The end of another transfer window and it's still another one that makes me constantly shake my head in shame at what has just happened. I say shame as I still can't believe it. Some of the money spent is just laughable and I can't see it happening anywhere else in the world to this extent except here. That's what is shameful as I'm sure other countries are looking on and are completely bemused There's a weird curiosity about it and it's strange that I'm among a minority here.
I read an interesting piece on Rooney not so long ago and it questioned whether he would be worth £50m if he wasn't English. 'Finally' I thought, someone fairly high up in the sporting journalism world has seen sense. Of course he isn't worth £50m. Nobody really should be either. In reading that piece, it made me think of something I wrote last season after Kenny Dalglish spent some of the craziest/funniest amounts on three players. £75m nearly and where are they now? One is on loan to a newly promoted side. One is playing left back to cover injuries and the other can't even get in the side ahead of Jonjo Shelvey; a player that cost less than 1/10th of what was paid for him.
Now the window is closed, I don't think it was entirely Dalglish's fault. It's the culture in this country and the air of superiority factor which has hampered nearly everything from top to bottom. Inflated prices as well as massaged egos has created this monster and I don't believe it will ever change. Not even financial fair play will impact on the attitude or the valuations of some players in this country.
Is any English player really worth £50m? Especially one that smokes, tries his best not to be caught drinking and can't control his own weight? Yes he is probably England's best player but does £50m make sense when Falcao's buy out clause is only £45m. I know who the better player is and this is just a small example when laughable figures are brought into the mix. A better comparison would be to look at Matt Jarvis who cost West Ham ten million pounds. With only one cap to his name and relegated with Wolves, he commands a £10m figure. Capped once for his country and closer to 30 than 20, what makes him worth such an amount when Pablo Hernandez costs only £5m. Is Jarvis twice the player? Hernandez has been capped 4 times by his country and played for Valencia, not exactly a team that would be relegated. So this would lead many to believe the doubled price must be down to Premier League experience which is another flawed argument. Case in point, Michu, La Liga's top goalscoring midfielder last season (15) and cost an astounding £2m. Now he has had no problems at all adapting to the Premier League with 4 goals to his name already. Contrast that with Jordan Henderson who cost £20m and can't get a game let alone score. I find it hard to believe that he is 10 times the player Michu is as, if anything, it's the other way around. Another good example of the fabled adaptation argument can be used with Javier Hernandez. He scored 23 goals in his debut season for Manchester United yet only cost £6m. In comparison, Steven Fletcher who just signed for Sunderland for £12m and who, again, was relegated with wolves is not twice the player Hernandez is. Andy Carroll is not 6 times the player either. It's the Fletcher deal that is quite irksome though as I can't fathom how he costs more than Podolski who is a free-scoring German international and known all over Europe. Fletcher is in fact English but plays for Scotland due to his Mother. Call me pedantic but I'm wondering if he was actually Scottish would this have had an impact on his fee.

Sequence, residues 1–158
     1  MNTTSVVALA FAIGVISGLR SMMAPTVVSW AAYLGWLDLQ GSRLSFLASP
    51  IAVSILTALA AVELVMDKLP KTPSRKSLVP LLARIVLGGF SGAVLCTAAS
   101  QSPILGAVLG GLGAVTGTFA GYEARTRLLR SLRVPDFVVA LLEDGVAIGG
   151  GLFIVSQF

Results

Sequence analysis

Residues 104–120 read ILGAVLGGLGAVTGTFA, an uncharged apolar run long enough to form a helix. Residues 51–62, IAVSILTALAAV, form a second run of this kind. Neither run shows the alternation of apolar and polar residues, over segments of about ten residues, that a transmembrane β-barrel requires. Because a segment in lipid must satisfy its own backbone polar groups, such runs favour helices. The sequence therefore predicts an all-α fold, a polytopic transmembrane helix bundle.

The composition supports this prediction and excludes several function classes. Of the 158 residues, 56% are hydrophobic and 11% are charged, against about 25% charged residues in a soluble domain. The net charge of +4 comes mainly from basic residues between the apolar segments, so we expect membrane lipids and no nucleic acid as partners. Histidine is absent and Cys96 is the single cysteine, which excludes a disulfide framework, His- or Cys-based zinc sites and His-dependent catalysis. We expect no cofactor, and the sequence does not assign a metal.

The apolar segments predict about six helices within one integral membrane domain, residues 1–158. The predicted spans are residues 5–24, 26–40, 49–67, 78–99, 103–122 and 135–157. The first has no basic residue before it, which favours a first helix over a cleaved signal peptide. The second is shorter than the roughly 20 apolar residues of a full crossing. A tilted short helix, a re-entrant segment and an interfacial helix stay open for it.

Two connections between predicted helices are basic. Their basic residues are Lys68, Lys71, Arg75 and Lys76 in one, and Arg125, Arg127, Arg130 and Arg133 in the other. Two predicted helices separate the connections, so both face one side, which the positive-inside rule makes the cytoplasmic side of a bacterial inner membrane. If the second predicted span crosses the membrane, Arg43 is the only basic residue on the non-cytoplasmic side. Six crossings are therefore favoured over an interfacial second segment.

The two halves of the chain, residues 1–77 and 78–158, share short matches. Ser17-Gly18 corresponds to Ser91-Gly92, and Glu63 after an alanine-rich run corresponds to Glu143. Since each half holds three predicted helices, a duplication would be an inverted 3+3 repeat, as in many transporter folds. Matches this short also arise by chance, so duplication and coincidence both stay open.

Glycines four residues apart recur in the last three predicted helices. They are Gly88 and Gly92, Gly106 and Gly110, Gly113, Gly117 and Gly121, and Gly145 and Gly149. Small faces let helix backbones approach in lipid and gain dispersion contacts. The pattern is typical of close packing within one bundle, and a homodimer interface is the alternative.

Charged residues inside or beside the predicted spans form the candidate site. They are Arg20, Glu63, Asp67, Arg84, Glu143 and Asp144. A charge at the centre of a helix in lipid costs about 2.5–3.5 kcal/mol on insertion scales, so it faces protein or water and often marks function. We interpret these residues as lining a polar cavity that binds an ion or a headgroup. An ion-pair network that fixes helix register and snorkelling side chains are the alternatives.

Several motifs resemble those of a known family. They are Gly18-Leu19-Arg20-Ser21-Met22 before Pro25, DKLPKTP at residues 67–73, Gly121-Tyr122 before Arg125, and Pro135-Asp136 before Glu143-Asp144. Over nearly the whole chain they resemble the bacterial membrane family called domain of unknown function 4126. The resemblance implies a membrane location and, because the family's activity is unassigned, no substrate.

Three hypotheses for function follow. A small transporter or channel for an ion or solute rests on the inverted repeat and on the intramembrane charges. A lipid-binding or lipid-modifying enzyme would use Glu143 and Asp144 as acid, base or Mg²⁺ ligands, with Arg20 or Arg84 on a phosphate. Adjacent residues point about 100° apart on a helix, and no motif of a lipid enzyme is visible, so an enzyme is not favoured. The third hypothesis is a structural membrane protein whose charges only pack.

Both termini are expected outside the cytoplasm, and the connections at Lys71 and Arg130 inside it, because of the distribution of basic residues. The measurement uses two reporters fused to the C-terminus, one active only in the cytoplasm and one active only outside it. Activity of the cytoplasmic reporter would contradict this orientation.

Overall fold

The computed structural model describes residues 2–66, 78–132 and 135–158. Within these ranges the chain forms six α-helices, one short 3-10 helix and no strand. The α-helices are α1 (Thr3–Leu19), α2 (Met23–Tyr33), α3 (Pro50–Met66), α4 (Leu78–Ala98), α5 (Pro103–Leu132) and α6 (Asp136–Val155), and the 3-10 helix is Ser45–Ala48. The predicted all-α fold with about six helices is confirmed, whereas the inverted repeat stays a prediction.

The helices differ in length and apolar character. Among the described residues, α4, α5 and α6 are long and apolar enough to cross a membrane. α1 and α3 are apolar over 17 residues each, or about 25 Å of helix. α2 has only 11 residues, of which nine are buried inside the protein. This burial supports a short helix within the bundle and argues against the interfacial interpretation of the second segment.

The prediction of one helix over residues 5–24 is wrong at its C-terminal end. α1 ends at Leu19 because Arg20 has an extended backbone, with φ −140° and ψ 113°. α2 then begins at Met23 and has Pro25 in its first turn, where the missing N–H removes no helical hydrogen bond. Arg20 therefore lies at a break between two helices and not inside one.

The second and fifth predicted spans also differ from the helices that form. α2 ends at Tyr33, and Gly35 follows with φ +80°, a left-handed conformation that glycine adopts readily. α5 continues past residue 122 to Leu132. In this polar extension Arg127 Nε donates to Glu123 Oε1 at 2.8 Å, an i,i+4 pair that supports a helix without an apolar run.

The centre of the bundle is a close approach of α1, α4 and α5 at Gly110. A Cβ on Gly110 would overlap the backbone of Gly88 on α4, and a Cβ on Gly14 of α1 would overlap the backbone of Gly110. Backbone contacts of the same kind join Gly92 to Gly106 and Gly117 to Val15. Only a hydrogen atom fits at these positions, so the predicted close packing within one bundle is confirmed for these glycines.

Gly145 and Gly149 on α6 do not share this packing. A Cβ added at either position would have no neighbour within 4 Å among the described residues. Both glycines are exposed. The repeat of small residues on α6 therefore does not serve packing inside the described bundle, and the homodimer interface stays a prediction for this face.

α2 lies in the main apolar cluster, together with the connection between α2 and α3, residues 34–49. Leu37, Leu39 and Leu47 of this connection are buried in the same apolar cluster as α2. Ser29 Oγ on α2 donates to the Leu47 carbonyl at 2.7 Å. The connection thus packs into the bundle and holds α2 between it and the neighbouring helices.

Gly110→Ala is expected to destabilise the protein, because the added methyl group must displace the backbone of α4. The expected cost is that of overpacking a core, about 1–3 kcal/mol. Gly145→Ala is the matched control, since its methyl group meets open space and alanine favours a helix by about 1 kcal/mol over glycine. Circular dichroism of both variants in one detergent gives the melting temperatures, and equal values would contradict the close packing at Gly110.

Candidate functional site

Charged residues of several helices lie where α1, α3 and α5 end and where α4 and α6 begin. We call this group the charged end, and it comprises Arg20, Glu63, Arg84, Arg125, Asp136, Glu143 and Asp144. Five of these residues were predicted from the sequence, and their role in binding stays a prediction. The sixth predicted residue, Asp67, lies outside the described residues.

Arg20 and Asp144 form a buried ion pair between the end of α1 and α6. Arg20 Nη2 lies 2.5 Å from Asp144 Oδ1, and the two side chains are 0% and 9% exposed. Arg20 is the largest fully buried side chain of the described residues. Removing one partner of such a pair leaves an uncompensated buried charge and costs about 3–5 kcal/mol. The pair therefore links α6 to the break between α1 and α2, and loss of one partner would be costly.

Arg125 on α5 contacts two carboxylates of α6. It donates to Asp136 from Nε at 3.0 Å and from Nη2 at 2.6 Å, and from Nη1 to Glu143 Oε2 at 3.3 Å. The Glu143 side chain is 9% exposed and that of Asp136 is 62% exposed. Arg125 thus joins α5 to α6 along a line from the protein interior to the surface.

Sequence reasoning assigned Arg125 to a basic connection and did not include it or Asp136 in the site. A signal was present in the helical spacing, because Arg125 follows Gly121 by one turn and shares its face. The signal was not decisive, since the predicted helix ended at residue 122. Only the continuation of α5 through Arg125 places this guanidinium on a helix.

Something I should mention here is that many clubs in Spain are in a lot of debt so it makes sense Michael Laudrup is going there to find some holiday bargains in Michu and Pablo Hernandez but I'm not sold on the fact that clubs here aren't in debt either. Yes TV money is apportioned better here and clubs are run better but it still stands to reason that the figures compared above are, in essence, without merit.
Managers and club owners alike all complain about agent fees and how Chelsea/Manchester City have ruined the transfer market but an English mentality towards valuations of home-grown talent far outweighs what those two aforementioned clubs have done. Logically you'd have thought after Andy Carroll turned up in the top ten all time transfers on Earth that something would have changed and these inflated prices would take a tumble. On the contrary, it has snowballed out of control and I can't see an end to it now or any time in the near future. Clubs will continue to be held to ransom and mediocre players will continue to be worth tens of millions more than is warranted and that is a crying shame.